Florida court allows the trial court to enter temporary emergency modifications to post dissolution time sharing orders. In any chapter 61 action involving children, the court is authorized to enter an emergency temporary order on its own motion if the court deems the order necessary to protect the child. For example, if the court, in a proceeding, initiated to enforce time sharing perceives that the movements, conduct while spending time with the party’s child may be harmful to the child, the court may modify the final judgment and restrict time sharing on its own motion. However, the modification may only be temporary, pending a full evidentiary hearing. Longo versus Longo.
True emergency test
Florida courts have wrestled with the issue of when it is appropriate to make emergency modifications to time sharing agreements post dissolution. The difficulty in deciding these cases, if the trial court must weigh the health and safety of the children against the due process rights of a parent to be heard on the issues. In Bon versus Rivera, the court drew from this history of cases and refers to a “true emergency test.” The court narrows the circumstances of when to rely on the “true emergency test.” “That test applies in a very limited circumstances, such as where a child is threatened with physical harm or is about to be improperly removed from the state.”
In the Gielchinsky case, the father requested an emergency hearing because the mother was interfering in his visitation rights and he wanted to move the children to another school. During the hearing, his counsel conceded she had requested an emergency hearing to get an earlier date. The court ruled, “We do not intend to discourage trial courts from taking appropriate actions where there is a true emergency, where, for example, a child is threatened with physical harm or is about to be improperly removed from the state.” The appellate court concluded, “Trial court abuses its discretion in temporarily changing custody where, as here, custody was already established by a judgment and the petition to permanently change custody is pending, unless there is a real emergency.”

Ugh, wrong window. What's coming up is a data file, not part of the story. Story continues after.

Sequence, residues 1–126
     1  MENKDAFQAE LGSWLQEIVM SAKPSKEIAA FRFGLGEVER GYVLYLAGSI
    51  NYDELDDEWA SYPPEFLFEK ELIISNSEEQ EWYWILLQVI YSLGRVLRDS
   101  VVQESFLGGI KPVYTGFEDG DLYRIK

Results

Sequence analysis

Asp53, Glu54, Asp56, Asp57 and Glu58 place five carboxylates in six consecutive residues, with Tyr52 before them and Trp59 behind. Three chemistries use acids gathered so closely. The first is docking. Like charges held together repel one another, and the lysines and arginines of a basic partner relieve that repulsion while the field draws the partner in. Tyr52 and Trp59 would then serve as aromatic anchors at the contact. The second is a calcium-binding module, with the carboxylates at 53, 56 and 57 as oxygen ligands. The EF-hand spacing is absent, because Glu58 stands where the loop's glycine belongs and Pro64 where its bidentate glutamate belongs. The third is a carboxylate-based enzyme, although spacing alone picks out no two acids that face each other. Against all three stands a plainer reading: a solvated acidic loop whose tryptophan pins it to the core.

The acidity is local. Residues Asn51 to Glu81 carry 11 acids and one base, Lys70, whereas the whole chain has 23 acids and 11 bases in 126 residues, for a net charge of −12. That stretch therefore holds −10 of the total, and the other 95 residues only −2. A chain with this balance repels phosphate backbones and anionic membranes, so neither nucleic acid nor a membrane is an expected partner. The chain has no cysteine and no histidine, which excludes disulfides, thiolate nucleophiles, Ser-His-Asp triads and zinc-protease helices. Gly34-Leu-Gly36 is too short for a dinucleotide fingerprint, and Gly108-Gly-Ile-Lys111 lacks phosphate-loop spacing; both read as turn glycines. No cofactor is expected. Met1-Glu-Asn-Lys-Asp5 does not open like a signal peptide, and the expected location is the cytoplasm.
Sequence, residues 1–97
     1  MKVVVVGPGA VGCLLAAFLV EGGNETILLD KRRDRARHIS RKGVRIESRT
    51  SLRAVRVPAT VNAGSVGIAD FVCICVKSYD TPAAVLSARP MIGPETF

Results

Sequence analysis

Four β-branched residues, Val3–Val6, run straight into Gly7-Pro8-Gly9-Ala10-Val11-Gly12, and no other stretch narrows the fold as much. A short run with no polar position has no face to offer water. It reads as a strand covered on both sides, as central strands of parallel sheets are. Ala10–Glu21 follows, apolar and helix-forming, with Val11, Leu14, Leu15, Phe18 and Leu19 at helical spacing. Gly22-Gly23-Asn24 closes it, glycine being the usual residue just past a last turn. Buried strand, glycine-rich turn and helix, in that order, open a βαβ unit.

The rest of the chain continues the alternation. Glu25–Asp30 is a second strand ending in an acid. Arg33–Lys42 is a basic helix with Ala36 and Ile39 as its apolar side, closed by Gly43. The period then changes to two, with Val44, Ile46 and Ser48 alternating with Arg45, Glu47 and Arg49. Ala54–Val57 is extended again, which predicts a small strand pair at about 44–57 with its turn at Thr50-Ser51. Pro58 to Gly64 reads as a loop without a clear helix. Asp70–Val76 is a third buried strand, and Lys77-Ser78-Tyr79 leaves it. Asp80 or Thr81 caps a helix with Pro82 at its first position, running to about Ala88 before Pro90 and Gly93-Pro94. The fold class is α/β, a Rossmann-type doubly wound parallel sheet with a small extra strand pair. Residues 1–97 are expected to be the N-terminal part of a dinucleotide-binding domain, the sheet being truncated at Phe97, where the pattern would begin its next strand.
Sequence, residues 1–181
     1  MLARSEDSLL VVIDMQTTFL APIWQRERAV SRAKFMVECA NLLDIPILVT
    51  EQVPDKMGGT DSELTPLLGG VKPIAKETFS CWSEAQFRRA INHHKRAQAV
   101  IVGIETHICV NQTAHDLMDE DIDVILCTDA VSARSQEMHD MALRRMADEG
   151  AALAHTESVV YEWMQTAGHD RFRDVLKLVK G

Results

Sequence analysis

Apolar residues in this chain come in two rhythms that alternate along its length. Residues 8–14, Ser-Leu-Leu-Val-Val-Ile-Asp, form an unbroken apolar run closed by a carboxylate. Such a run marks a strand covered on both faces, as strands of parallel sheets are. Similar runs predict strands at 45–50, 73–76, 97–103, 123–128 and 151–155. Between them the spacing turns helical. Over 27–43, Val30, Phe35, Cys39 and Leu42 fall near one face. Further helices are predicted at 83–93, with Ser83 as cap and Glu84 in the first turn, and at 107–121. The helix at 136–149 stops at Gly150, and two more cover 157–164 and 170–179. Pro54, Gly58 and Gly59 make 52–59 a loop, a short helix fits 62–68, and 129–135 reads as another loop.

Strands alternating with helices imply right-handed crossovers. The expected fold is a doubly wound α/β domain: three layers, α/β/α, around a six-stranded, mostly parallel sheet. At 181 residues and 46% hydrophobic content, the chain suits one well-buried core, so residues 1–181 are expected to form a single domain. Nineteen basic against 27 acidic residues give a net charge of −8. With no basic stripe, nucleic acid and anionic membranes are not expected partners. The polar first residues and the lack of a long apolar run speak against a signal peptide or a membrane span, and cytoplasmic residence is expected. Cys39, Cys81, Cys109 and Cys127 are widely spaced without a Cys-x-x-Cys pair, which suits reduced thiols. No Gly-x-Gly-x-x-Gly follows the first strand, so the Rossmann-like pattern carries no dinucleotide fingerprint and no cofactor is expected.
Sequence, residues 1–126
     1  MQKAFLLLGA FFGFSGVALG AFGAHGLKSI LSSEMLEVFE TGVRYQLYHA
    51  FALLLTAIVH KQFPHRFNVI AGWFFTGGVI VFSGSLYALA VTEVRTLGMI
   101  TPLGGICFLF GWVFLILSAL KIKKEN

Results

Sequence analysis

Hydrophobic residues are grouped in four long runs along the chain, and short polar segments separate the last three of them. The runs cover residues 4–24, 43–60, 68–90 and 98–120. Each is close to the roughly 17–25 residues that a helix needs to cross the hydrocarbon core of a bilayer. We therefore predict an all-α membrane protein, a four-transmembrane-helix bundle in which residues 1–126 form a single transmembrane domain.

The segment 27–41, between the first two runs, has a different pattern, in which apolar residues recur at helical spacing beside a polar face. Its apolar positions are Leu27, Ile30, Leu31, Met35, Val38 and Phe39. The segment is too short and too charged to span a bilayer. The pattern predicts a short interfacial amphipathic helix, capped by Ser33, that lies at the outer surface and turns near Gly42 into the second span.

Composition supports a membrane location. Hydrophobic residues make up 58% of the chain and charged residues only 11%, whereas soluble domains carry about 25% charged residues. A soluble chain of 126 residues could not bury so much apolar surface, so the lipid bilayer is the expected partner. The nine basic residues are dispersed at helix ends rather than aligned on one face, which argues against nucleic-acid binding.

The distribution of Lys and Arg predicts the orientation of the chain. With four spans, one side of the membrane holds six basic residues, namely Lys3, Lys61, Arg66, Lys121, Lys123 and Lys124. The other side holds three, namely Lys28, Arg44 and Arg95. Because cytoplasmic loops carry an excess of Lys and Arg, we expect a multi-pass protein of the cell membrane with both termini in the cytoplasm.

Two prong test
The Bon court then outlines the legal burden incumbent upon the parent moving for modification. This burden should be applied in a full evidentiary hearing, in which both parties are given notice and where the “petitioning parent bears an extraordinary burden to prove a substantial change in circumstances.” “In order to obtain a temporary custody modification, the moving party must satisfy a two part test by establishing through competent, substantial evidence that (1) there has been a substantial or material change in circumstances and (2) the modification is in the best interest of the child or children involved.” To meet the “substantial change prong” of this test, there must be a “factual basis sufficient to show that conditions have become materially altered since the entry of the previous custody degree.” The petitioning parent bears an extraordinary burden to prove a substantial change in circumstances. “In the absence of a properly plead modification petition, it is an error to enter a modification order. Further, if the noncustodial parent fails to allege that a substantial and material change has occurred and the trial court fails to make a similar finding, the modification order should be reversed.”
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